Media Suddenly Critical of ‘Messiah’ References

January 7, 2017 12:56 pm  

After haloes for Obama, even unintended suggestions of Trump earn blasts

(WND) – After years of fostering the narrative of President Obama as a messiah, members of the media now seem to have developed a sudden aversion to attributing divine attributes to the leader of the free world.

For years after Obama’s election, establishment media described Obama often with soaring language, sometimes in photographs capturing him in a halo.

But now they seem alarmed by the claim that the GOP thinks President-elect Donald Trump is Jesus.

The issue began when Republican National Committee (RNC) Chairman Reince Priebus and Co-Chair Sharon Day sent out a statement celebrating Christmas, as the party has done for many years.

Part of the statement read: “Merry Christmas to all! Over two millennia ago, a new hope was born into the world, a Savior who would offer the promise of salvation to all mankind. Just as the three wise men did on that night, this Christmas heralds a time to celebrate the good news of a new King. We hope Americans celebrating Christmas today will enjoy a day of festivities and a renewed closeness with family and friends.”

Some immediately seized on the phrase “new King” to suggest that since Trump was the new president, the passage was a reference to him, and the RNC was comparing Trump to Jesus Christ.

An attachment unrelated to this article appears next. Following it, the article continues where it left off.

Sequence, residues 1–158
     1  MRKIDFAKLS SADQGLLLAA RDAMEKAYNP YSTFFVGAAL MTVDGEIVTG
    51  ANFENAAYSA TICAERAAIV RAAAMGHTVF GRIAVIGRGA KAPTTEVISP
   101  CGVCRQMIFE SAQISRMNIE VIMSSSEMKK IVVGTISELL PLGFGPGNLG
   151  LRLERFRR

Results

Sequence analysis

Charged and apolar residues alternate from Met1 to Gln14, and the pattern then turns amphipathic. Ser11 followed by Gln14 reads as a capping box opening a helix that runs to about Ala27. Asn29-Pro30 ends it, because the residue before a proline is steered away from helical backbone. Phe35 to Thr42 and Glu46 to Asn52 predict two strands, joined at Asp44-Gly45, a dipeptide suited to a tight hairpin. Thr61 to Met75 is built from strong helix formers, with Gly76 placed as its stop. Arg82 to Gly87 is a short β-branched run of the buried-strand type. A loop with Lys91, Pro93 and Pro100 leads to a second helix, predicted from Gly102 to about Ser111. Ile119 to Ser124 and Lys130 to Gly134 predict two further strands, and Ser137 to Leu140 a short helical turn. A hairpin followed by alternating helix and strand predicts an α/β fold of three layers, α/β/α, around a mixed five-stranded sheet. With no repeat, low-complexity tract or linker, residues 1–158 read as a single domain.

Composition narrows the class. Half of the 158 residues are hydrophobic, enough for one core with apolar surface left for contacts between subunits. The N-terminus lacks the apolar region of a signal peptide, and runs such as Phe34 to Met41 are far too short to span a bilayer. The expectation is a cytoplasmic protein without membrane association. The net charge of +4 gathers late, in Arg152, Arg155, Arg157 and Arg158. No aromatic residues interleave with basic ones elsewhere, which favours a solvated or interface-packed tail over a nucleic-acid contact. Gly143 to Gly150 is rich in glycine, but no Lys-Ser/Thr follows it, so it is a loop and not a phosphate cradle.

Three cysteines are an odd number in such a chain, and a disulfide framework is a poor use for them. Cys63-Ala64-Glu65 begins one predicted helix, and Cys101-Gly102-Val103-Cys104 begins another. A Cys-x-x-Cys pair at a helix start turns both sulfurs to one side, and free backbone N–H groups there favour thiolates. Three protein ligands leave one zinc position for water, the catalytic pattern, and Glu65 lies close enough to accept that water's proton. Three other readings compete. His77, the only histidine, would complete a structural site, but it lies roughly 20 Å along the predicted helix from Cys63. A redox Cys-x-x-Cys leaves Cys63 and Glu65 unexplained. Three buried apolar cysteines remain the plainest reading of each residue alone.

BuzzFeed wrote: “The combination of the words ‘this Christmas’ and ‘a new King’ had people wondering whether the GOP was comparing Donald Trump to, well, Jesus.”

The article then went on to quote several people, including John Weaver, a top aide to Ohio Gov. John Kasich, who said: “Dear RNC: We don’t have a ‘new King.’ What the hell is wrong with you people?”

Dan Rather even strongly suggested the RNC was committing blasphemy. In a Christmas post on his Facebook page Rather wrote, “I am sorry to break the Christmas spirit, but a colleague brought the issue of GOP Chairman Reince Priebus’ Christmas message to my attention and, even on a holiday – news is news.”

Rather then went on to quote the so-called controversial part of the tweet before attempting to sound fair and objective by noting “RNC spokesman and incoming White House press secretary Sean Spicer said the reference had nothing to do with Trump. ‘Christ is the King in the Christian faith.’”

However, he then finished by saying, “I am just not sure how one would explain the word ‘new’ in the quote,” suggesting he was skeptical of the RNC’s claims.

Spicer expressed disgust for the way the story was being portrayed in the mainstream media, tweeting: “Christ is the King. He was born today so we could be saved. Its sad & disappointing you are politicizing such a holy day.”

It was another story when Obama was a newly elected president.

WND reported in 2009 that artist Matthew J. Clark hosted a parade through the streets of Des Moines, Iowa, that featured a statue of newly inaugurated Obama being led on a donkey with palm fronds and a “Secret Service” escort. The imagery was plainly a reference to Jesus’ triumphal entry into Jerusalem on Palm Sunday.

Fred Love, a reporter for Lee Enterprises whose account was published by the Waterloo-Cedar Falls Courier, reported on the event.